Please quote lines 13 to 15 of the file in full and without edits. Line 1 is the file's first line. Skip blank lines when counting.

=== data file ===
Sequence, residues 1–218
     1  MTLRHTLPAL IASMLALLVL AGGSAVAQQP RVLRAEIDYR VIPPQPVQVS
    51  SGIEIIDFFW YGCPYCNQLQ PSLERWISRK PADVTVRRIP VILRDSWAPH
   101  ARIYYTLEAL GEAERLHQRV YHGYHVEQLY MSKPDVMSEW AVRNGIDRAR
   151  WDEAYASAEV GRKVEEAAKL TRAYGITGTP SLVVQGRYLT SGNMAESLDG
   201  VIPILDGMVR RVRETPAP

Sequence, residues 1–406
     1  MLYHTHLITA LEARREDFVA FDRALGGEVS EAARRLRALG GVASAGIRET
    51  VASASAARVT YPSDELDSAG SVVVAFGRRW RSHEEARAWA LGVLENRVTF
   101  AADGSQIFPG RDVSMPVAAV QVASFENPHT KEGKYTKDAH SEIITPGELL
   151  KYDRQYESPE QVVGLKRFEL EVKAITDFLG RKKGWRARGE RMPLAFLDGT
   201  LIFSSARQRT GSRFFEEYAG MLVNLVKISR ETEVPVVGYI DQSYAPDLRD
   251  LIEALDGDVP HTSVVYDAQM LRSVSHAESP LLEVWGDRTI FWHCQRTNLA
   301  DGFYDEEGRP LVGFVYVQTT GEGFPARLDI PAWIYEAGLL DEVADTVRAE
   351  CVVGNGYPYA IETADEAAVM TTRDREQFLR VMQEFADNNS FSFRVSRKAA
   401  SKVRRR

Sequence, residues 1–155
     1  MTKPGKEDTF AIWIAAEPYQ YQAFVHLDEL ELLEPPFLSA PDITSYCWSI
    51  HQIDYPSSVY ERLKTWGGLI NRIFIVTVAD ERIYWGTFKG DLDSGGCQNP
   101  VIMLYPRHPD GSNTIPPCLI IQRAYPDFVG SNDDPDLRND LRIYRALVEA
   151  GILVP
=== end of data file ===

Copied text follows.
   251  LIEALDGDVP HTSVVYDAQM LRSVSHAESP LLEVWGDRTI FWHCQRTNLA
   301  DGFYDEEGRP LVGFVYVQTT GEGFPARLDI PAWIYEAGLL DEVADTVRAE
   351  CVVGNGYPYA IETADEAAVM TTRDREQFLR VMQEFADNNS FSFRVSRKAA